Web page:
2006 Lincoln LS reviews
Confidence-inspiring steering and handling, standard V8 delivers plenty of smooth and quiet power, comfortable and roomy interior, optional THX-certified sound system.
Lack of a manual transmission keeps it from true sport sedan status, build quality lags behind German and Japanese competitors, not as nimble as other sport sedans in its class.
What's New for 2006
Lincoln has discontinued the V6 engine for 2006 and trimmed the car's remaining styles down to a single V8 Sport model, which includes a chrome grille with body-color surround, round foglamps and body-color rear license plate trim. Updated wheel designs and two new option packages round out the changes for '06.
Introduced for the 2000 model year, the midsize, rear-drive LS is Lincoln's most advanced vehicle in terms of technology and engineering, and it has attracted a much younger clientele than Lincoln dealerships are traditionally used to seeing. Unfortunately, it has never attracted these buyers in the numbers that Lincoln would like.
From the start, Lincoln aimed the LS squarely at the European brands and, specifically, BMW and Mercedes buyers. In 2003, the LS benefited from extensive updates that saw its 3.9-liter V8 pick up an additional 28 horsepower for a total of 280. Minor transmission and suspension improvements were added for 2004 to further refine the Lincoln's road manners and shift quality. The 2004 model year also saw interior improvements designed to give the car a more upscale ambience (real walnut trim found its way to the options list) along with more storage space. Features like side curtain airbags, a high-grade sound system and an onboard navigation system were also added to the options list.
Plunk down about $40,000 and you get a well-mannered V8-powered entry-level luxury sedan with plenty of room for four adults. That the LS is an agreeable car is not in doubt. More of a concern for potential buyers, though, is what else one can get in the $35,000 to $50,000 price range. It's here that our interest in the LS starts to wane. More power and style can be had from Chrysler's 300C and 300C SRT-8, for instance. And if one doesn't focus on a V8 requirement, there's also the more refined Acura TL or the new BMW 330i and Lexus IS 350. The Lincoln LS is still worth a look, but there are at least a half-dozen competitors we'd look at first.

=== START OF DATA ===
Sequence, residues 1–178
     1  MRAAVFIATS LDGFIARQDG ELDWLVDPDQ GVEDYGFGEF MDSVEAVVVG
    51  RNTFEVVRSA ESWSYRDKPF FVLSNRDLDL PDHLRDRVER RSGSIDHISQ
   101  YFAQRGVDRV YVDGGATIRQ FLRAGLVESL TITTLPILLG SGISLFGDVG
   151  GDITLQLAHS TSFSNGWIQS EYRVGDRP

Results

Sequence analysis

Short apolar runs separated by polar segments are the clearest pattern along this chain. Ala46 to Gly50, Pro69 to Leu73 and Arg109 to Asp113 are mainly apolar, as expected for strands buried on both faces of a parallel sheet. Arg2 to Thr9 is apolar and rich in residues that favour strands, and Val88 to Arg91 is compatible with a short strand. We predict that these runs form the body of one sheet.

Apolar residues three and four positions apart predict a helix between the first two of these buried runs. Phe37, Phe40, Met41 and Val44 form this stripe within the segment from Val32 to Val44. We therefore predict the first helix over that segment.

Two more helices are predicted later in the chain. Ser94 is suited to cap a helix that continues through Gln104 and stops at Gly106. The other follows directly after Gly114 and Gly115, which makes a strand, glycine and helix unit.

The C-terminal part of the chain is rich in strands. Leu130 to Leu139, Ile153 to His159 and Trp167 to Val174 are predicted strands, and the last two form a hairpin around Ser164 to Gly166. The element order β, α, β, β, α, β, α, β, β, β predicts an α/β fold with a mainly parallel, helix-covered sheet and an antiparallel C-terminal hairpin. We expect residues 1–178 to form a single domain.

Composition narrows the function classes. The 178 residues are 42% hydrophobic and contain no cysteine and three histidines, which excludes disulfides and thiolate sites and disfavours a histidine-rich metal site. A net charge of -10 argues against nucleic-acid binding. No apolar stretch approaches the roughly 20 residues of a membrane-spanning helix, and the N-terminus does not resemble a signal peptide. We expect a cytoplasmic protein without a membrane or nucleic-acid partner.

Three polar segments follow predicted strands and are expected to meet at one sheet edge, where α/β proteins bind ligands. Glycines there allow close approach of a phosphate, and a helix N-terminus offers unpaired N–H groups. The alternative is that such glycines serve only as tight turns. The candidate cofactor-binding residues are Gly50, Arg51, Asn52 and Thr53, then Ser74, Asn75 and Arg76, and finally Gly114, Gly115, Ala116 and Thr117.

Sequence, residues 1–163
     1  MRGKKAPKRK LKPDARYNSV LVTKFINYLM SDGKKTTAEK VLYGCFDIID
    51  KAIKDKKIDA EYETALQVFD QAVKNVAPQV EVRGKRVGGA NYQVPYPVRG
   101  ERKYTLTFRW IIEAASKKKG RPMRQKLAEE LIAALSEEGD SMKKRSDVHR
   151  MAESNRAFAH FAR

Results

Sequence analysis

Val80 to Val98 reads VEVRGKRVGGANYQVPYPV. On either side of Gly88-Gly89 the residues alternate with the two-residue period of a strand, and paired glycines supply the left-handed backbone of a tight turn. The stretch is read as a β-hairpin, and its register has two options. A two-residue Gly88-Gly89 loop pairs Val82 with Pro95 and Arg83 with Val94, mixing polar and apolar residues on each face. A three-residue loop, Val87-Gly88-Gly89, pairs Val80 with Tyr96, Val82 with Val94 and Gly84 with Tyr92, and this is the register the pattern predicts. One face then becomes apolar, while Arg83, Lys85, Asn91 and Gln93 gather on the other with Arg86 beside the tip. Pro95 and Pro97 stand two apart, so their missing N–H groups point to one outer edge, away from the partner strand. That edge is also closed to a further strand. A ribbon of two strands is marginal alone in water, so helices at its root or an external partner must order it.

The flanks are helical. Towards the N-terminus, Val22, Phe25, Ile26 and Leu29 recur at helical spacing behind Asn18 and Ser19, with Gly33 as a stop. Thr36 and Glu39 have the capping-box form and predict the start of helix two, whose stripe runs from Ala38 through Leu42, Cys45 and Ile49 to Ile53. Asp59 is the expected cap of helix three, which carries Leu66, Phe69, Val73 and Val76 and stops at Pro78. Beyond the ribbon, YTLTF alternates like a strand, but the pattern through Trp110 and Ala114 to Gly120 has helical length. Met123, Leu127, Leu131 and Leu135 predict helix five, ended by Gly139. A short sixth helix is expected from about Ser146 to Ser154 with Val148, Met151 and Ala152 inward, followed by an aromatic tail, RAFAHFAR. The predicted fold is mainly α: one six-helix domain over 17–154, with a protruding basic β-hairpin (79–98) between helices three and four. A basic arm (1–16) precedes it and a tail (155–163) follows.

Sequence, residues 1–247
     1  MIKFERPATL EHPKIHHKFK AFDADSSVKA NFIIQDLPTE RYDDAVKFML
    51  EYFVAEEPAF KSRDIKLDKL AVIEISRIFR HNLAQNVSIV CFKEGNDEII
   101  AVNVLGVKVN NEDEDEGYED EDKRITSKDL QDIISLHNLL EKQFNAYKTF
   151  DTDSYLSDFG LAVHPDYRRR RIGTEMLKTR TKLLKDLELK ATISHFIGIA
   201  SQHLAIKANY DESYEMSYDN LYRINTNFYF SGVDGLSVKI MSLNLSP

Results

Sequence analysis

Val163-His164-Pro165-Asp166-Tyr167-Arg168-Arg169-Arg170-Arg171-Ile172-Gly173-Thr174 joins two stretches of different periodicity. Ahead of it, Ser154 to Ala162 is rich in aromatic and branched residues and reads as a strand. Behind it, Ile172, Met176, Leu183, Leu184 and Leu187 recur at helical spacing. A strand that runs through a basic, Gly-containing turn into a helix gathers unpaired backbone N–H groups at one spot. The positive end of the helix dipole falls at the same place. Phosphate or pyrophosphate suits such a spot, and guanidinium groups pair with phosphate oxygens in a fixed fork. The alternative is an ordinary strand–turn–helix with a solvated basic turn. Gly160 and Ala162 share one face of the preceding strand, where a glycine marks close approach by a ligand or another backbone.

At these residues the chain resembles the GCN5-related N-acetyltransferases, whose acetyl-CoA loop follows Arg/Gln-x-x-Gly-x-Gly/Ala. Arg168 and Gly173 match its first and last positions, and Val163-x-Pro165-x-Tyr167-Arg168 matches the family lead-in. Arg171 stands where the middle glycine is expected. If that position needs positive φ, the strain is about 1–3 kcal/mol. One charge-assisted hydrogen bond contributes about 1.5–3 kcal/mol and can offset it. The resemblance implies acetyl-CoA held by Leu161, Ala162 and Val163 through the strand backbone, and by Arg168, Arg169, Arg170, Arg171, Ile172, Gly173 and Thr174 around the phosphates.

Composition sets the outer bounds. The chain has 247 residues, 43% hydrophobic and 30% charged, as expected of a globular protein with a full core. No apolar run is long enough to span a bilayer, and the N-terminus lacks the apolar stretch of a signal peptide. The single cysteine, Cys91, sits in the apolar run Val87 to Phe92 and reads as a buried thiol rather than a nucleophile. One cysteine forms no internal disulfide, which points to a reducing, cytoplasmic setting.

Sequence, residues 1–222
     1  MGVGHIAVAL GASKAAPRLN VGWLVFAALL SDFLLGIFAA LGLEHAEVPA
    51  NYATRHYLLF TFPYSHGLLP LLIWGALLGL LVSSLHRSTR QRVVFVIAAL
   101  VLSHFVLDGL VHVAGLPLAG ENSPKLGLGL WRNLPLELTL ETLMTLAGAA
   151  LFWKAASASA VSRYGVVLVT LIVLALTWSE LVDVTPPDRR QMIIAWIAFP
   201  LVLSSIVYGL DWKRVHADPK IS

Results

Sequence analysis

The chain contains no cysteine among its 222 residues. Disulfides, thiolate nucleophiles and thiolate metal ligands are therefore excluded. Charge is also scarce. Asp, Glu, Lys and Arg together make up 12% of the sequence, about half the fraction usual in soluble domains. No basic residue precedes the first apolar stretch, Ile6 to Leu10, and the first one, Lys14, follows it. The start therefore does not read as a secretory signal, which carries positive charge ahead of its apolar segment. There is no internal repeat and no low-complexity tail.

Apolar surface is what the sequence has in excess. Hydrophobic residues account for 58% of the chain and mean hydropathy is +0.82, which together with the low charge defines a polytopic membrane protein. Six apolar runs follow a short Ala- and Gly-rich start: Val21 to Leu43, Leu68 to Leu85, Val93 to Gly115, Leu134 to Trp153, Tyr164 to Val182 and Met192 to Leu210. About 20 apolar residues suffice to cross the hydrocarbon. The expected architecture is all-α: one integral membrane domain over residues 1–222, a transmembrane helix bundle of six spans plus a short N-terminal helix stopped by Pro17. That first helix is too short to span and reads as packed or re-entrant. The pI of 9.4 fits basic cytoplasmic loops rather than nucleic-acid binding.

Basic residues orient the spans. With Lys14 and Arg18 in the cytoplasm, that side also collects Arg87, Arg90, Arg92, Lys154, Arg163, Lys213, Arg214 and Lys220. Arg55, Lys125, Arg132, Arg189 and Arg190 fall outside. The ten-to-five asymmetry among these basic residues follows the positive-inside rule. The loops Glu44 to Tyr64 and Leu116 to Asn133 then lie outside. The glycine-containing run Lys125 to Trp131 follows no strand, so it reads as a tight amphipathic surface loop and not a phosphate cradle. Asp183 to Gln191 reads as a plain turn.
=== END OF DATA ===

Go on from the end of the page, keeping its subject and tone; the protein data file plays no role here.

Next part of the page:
Body Styles, Trim Levels and Options:
The midsize Lincoln LS sedan is available in one trim level: V8 Sport. A host of standard features are included, such as 17-inch alloy wheels, dual-zone automatic climate control, leather upholstery, auto-dimming mirrors and power seats with driver's memory. Various optional upgrades include a power moonroof, HID headlights, heated and cooled front seats, walnut burl wood trim, power-adjustable pedals and a DVD-based navigation system combined with a THX-certified six-CD audio system. Many of these options are bundled into the available Elite and Premium option packages.
Powertrains and Performance:
The sole powertrain is a 3.9-liter V8 that boasts 280 hp and 286 lb-ft of torque. This V8 is mated to a five-speed automatic transmission that sends power to the rear wheels.
Traction control is standard across the line, while the AdvanceTrac stability control system is optional. The Lincoln's four-wheel antilock disc brakes are equipped with Electronic Brakeforce Distribution (EBD) and BrakeAssist. Side airbags for front passengers are standard; full-length head-curtain airbags and rear parking sensors are optional. In NHTSA crash testing, the LS scored five stars for protection of the driver in frontal impacts and four stars for front-passenger protection. Side-impact tests resulted in a four-star score for front-seat occupants and five stars for rear-seat passengers. In 40-mph frontal-offset crash testing by the IIHS, the LS received a "Good" rating (the best possible).
Interior Design and Special Features:
Materials quality is not up to the level of import competitors', but real wood, faux titanium and chrome accents add some visual interest to the LS cockpit. The leather upholstery is soft to the touch, and although the well-cushioned chairs provide excellent comfort during highway cruising, their lack of lateral support makes them unsuitable for more spirited driving. The backseat offers more room than most entry-level luxury sedans, as even 6-footers will find ample head-, leg- and foot room.
Smooth and gutsy off the line, the V8 remains quiet while providing strong acceleration from almost any speed. The Lincoln's handling is commendable considering its size, but as the turns get smaller, the LS begins to feel bigger. Out on the highway, the Lincoln LS plays the part of a touring sedan almost perfectly, offering both a smooth ride and secure handling. But as a sport sedan, it's average at best.
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